Dog Day Afternoon

News arrives of a man who got beaten up by his girlfriend for trying to force her into a threesome with his dog.

The couple were showering together when he called the hound to join them, in spite of the woman’s clear warning that this would be viewed as an unfriendly act (not to say casus belli). Heaven knows what possessed the fellow. Perhaps he thought she would change her mind on seeing the animal’s eager face and long wet tongue. She didn’t, and the man ended up in hospital with a dislocated shoulder for his matchmaking efforts.

This sorry incident shows what can go wrong when a man’s best friend really is his dog. He takes the pooch bowling and buys it a beer, and before anyone can call a shrink he’s invited it to copulate with his girlfriend, quite literally treating the woman like a bitch. Even if she had acquiesced, I doubt the mutt would have enjoyed it much. It may well have gone through the motions to please its master, but a woman’s body probably seems like a rubber dinghy to a dog – too smooth to get a good grip of and too easy to puncture in the wrong place. The absence of a bitch-in-heat smell wouldn’t have helped either. You can’t expect a hound to be a demon in the sack under those conditions, no matter how horny it is.

Now I’m not opposed, in principle, to humans having pets. It’s all a question of choosing the right animal and having the right sort of relationship with it. An American woman once asked me if gorillas made good pets. “Not for humans they don’t” was my reply. It is always a mistake to share your home with an animal stronger than yourself, as it inevitably leads to confusion about who is the master and who is the pet. Even very young gorillas don’t know their own strength where humans are concerned. I remember a judo black belt saying he’d like to wrestle with an infant female in my band who was making eyes at him.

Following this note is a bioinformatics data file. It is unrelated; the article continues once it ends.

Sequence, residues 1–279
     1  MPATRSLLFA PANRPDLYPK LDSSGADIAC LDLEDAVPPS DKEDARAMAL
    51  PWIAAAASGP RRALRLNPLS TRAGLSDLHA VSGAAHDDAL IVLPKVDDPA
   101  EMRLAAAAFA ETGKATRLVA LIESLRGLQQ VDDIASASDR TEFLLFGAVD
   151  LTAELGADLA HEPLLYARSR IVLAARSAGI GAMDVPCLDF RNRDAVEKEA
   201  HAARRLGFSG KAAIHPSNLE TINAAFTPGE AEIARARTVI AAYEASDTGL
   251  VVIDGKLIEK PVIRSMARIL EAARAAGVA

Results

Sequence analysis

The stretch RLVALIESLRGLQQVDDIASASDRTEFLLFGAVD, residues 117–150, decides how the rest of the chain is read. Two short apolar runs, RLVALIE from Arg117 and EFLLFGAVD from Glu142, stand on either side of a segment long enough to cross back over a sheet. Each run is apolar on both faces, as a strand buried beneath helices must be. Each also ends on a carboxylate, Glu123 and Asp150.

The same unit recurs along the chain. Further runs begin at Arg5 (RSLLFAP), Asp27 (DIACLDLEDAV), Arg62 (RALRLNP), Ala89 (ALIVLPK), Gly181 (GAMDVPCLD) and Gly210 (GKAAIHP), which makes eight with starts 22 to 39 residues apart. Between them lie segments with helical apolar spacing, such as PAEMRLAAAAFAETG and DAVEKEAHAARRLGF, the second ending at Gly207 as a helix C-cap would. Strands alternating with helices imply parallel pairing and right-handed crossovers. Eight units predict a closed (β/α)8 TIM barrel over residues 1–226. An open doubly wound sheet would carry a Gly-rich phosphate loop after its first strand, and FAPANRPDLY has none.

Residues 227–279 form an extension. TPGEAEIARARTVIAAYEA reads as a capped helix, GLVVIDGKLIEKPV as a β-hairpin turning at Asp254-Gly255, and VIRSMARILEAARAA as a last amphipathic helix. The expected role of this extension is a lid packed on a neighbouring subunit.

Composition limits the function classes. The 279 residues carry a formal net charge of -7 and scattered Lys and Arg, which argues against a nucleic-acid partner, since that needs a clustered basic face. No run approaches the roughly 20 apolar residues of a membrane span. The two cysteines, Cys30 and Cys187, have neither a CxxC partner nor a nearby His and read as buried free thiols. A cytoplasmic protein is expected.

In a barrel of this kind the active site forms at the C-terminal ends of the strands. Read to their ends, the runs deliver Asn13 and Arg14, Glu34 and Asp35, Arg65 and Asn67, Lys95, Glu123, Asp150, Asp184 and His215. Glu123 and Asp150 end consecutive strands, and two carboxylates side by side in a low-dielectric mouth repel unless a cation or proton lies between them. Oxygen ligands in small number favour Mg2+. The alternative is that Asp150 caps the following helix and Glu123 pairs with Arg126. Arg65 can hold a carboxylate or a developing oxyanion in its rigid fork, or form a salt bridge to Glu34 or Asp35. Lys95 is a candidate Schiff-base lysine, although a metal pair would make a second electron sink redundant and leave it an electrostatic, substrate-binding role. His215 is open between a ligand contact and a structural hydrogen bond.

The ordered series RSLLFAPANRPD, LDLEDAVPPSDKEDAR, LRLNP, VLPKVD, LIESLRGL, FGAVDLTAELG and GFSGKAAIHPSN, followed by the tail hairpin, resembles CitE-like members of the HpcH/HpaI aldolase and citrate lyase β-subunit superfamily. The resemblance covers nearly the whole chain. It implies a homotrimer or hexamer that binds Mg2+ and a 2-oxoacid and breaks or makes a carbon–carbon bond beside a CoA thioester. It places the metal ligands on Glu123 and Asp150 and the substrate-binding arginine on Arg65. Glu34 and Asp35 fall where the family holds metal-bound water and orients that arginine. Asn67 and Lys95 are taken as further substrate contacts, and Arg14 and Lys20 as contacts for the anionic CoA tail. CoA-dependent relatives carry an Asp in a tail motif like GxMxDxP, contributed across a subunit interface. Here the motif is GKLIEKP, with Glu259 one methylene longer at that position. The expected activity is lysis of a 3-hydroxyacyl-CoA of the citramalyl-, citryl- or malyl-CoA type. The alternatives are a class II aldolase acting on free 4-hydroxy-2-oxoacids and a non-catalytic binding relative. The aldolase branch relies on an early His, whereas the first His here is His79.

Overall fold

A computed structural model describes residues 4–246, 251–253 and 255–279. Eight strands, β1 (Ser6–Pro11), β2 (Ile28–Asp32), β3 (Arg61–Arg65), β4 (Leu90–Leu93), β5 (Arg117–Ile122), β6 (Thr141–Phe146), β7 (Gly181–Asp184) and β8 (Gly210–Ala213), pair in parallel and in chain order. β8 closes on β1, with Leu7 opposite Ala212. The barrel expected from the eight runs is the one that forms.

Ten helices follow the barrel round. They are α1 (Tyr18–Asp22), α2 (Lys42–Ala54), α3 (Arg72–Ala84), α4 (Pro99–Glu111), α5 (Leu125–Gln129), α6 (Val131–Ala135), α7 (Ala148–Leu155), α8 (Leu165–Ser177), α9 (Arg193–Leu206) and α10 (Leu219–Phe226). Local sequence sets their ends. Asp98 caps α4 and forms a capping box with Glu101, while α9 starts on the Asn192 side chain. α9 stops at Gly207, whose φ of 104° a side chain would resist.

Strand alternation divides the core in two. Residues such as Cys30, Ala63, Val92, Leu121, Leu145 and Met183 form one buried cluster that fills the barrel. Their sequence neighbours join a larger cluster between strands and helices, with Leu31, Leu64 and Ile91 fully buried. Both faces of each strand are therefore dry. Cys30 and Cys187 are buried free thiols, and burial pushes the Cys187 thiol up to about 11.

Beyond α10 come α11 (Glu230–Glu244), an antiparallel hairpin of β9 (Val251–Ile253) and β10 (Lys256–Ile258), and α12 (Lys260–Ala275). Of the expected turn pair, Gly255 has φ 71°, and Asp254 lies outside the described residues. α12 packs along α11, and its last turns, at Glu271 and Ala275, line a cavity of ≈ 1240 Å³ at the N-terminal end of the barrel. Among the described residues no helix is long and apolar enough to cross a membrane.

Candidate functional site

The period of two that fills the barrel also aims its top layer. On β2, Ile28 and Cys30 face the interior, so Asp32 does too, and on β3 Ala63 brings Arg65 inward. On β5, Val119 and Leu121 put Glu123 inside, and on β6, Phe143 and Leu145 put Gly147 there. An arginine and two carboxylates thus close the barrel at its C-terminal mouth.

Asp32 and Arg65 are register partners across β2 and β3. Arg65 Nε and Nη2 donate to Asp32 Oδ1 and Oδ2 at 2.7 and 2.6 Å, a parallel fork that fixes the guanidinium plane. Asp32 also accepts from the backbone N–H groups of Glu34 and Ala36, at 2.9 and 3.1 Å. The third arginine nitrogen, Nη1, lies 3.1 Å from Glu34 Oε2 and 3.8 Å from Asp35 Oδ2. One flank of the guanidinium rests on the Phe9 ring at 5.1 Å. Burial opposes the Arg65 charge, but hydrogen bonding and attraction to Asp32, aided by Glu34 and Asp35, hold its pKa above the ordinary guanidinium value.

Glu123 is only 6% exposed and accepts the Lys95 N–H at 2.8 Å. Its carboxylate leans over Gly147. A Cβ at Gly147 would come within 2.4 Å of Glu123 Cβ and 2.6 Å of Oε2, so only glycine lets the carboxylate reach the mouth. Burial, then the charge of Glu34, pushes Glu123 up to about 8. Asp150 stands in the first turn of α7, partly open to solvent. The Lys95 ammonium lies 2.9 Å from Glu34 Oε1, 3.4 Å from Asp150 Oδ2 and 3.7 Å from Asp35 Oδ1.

“Put on a jockstrap first,” I advised. “She doesn’t know what testicles are, and if she thinks yours are gooseberries you’ll regret it for the rest of your life.”

He decided, on reflection, to settle for a handshake.

The best sort of human-pet partnership is exemplified by the 18th century pirate and his parrot. The bird is not held captive and can fly away whenever it wants. It only opts to stay perched on Blackbeard’s shoulder in return for high-quality grub from the cook’s table and a prime view of the action. It can also speak its mind freely and contribute its two cents at crew meetings. Incidentally, it is a myth that a parrot will only parrot the views of its owner. These shrewd little creatures always mimic the phrase that will have the most impact.

My friend Smacker Ramrod, the circus vet, once kept a parrot in his trailer. After many weeks of trying to get it to say things like “Pretty Polly”, the bird stayed resolutely mute. Then, quite unexpectedly, it spoke its first words when Smacker was with a woman who’d agreed to spend the night with him. Just as they were starting to undress, the parrot got their attention by clicking its tongue.

“I love your boobs!” it squawked.

Smacker’s delight at hearing the bird talk was tempered by the fact that it had stolen a favourite line he was about to deliver himself. The girl laughed and said “Thanks”. She then reflected on what she had heard and stopped undressing.

“Hang on a minute!” she exclaimed, giving Smacker the evil eye.

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